Working with and Through Others
Achieving Organizational Objectives
Balancing Effectiveness and Efficiency
Making the Most of Limited Resources
Coping with a Changing Environment
What Do Managers Do?
Some Managerial Facts of Life (with No Sugar Coating)
Learning to Manage
How Do Managers Learn to Manage?
How Can Future Managers Learn to Manage?
Exploding Myths About Small Business
Career Opportunities in Small Business
management the process of working with and through others to achieve organizational objectives in a changing environment. effectiveness a central element in the process of management that entails achieving a stated organizational objective. efficiency a central element in the process of management that balances the amount of resources used to achieve an objective against what was actually accomplished.
Internet global network of servers and personal and organizational computers. offshoring controversial practice of sending jobs to lower-wage countries.
e-business a business using the Internet for greater efficiency in every aspect of its operations. managerial functions general administrative duties that need to be carried out in
virtually all productive organizations to achieve desired outcomes. small business an independently owned and managed profit-seeking enterprise with fewer than 100 employees. entrepreneurship process of pursuing opportunities without regard to resources currently under ones control.
Formally defined, management is the process of working with and through others to achieve organizational objectives in a changing environment. Central to this process is the effective and efficient use of limited resources.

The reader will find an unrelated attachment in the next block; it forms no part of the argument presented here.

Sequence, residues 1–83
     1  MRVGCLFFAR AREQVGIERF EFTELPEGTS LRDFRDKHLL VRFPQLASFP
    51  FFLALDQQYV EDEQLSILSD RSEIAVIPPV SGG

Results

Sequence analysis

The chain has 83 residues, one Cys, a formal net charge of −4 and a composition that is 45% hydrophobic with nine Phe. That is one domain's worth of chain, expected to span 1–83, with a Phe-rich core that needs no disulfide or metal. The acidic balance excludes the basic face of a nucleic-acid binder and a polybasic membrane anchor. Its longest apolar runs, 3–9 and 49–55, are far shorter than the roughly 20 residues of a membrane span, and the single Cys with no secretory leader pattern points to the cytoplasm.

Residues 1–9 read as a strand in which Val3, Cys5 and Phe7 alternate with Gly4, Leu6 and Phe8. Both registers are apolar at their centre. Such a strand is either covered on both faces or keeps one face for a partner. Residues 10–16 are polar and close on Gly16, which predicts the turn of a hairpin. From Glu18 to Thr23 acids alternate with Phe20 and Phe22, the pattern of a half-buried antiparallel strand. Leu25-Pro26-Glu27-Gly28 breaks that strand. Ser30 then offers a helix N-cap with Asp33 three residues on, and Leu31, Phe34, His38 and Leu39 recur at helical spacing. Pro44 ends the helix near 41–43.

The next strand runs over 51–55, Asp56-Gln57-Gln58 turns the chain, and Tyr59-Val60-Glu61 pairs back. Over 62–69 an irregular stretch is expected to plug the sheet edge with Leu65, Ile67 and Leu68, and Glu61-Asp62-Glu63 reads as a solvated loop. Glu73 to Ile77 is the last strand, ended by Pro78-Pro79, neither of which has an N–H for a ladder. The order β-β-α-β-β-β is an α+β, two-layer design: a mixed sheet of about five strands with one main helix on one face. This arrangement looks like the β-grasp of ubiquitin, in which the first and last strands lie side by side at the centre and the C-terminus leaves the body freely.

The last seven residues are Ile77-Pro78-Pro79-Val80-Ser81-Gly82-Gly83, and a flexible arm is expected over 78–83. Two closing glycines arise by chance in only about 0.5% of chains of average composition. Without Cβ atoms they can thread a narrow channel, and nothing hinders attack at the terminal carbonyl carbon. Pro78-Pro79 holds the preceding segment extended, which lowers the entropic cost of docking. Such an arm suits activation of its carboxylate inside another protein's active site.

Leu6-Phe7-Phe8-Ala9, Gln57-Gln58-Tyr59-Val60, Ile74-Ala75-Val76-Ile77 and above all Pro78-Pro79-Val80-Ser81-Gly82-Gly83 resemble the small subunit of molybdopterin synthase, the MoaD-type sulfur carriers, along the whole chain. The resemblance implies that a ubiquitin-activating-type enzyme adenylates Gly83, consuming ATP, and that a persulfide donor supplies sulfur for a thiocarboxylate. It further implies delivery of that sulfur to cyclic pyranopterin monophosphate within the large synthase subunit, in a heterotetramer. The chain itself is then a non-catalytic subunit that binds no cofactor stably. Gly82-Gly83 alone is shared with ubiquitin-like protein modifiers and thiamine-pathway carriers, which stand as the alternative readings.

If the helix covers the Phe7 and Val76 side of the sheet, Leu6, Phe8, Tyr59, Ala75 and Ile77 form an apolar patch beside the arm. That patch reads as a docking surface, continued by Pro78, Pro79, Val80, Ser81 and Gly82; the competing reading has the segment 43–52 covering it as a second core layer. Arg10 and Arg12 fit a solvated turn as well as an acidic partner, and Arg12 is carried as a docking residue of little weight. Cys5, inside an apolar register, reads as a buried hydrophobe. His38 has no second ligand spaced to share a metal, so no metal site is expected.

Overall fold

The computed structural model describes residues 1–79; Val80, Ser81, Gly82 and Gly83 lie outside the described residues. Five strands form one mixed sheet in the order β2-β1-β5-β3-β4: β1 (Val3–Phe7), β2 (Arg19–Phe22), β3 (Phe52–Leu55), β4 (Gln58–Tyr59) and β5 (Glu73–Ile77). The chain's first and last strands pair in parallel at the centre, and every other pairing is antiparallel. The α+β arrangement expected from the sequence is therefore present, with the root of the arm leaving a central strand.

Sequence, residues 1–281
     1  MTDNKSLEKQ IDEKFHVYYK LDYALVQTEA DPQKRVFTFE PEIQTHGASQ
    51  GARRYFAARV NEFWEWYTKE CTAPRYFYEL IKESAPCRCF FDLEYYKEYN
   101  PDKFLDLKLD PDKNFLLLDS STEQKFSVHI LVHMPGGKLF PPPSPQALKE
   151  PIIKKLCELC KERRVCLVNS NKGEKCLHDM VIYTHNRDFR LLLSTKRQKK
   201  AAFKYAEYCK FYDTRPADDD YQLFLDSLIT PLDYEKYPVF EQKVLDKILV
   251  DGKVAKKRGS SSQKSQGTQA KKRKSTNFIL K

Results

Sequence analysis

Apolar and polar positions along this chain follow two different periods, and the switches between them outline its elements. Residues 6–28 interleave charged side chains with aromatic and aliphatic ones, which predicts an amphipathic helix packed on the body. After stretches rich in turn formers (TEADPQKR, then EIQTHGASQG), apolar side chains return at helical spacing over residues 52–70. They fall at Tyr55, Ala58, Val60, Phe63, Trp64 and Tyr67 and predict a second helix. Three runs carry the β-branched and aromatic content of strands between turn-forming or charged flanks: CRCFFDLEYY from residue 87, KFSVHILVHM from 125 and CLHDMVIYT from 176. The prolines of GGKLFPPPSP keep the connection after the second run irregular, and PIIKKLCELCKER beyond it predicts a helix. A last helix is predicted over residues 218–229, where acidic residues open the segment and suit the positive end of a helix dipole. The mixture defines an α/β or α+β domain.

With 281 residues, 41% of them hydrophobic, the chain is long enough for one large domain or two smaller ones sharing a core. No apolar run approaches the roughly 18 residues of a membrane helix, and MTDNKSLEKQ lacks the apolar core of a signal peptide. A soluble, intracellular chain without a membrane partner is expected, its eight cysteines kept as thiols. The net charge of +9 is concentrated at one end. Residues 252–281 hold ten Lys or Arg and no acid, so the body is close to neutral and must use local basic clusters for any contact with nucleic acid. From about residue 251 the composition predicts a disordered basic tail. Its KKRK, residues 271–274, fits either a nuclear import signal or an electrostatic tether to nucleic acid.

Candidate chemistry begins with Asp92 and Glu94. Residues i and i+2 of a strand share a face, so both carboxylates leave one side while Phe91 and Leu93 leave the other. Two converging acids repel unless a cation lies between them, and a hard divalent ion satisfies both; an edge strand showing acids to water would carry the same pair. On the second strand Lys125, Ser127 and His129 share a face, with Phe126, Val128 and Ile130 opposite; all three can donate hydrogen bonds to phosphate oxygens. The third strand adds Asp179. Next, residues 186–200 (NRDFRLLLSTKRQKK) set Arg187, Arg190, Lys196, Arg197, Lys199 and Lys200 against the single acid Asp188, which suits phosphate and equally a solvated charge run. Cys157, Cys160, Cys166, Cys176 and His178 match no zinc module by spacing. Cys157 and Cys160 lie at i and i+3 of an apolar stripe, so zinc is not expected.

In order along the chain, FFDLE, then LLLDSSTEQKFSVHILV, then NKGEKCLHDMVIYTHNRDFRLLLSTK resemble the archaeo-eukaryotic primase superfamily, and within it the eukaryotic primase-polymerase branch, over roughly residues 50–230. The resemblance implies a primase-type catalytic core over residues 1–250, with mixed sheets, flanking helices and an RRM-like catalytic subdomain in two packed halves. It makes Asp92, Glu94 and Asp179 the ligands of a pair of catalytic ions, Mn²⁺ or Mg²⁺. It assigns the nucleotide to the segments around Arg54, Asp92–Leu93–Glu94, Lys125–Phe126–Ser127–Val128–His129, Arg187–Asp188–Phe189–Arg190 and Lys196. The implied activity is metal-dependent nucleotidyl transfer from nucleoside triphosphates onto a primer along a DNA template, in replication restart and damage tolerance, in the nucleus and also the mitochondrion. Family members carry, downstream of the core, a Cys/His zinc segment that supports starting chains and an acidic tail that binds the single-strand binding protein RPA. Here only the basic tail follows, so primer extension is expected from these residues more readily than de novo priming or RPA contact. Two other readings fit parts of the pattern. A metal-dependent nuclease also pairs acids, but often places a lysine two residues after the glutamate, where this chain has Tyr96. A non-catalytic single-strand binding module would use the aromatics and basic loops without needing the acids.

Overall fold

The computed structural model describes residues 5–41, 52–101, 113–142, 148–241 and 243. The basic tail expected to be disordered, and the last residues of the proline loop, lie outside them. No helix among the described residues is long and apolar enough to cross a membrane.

A manager is effective if he or she reaches a stated objective and efficient if limited resources are not wasted in the process.
Five overarching sources of change affecting the way management is practiced today are:
The evolution of product quality
An ethical reawakening
E-business on the Internet
This text is organized around the following eight managerial functions:
Planning (the primary management function involving the formulation of future courses of action)
Decision making (choosing among alternative courses of action)
Organizing (structuring the organization with a chain of command, division of labor, and assignment of responsibilities)
Staffing (recruiting, training, and developing employees)
Communicating (a two-way process of sharing needed information)
Motivating (getting individuals to pursue collective objectives)
Leading (serving as a role model and influencing others to accomplish shared objectives)
Controlling (taking corrective action after comparing desired and actual results)
Honeywell researchers found that managers learned 50 percent of what they know about managing from job assignments (or the school of hard knocks). The remaining
50 percent of their management knowledge came from relationships (30 percent) and formal training and education (20 percent).
A good foundation in management theory can give management students a running start and help them avoid foolish mistakes.
The key to becoming an effective manager is to personally integrate theory, the experience of role models and mentors (borrowed practice), and one’s own experience (personal practice).
A small business (independently owned and managed profit-seeking company with fewer than 100 employees) is central to a healthy economy.
Contrary to conventional wisdom, 80 percent of new businesses do not fail within five years. In fact, one large study found only an 18 percent failure rate during the first eight years.
The belief that small businesses create only low-wage jobs has been shown to be a myth.
Five career opportunities in the small business sector include:
Becoming an independent contractor/consultant
Going to work for a small business
Joining or buying your family’s business
Buying a franchise
Starting your own business
Compared with general administrators, entrepreneurs tend to be high achievers who are more future-oriented, externally focused, ready to take risks, and comfortable with ambiguity.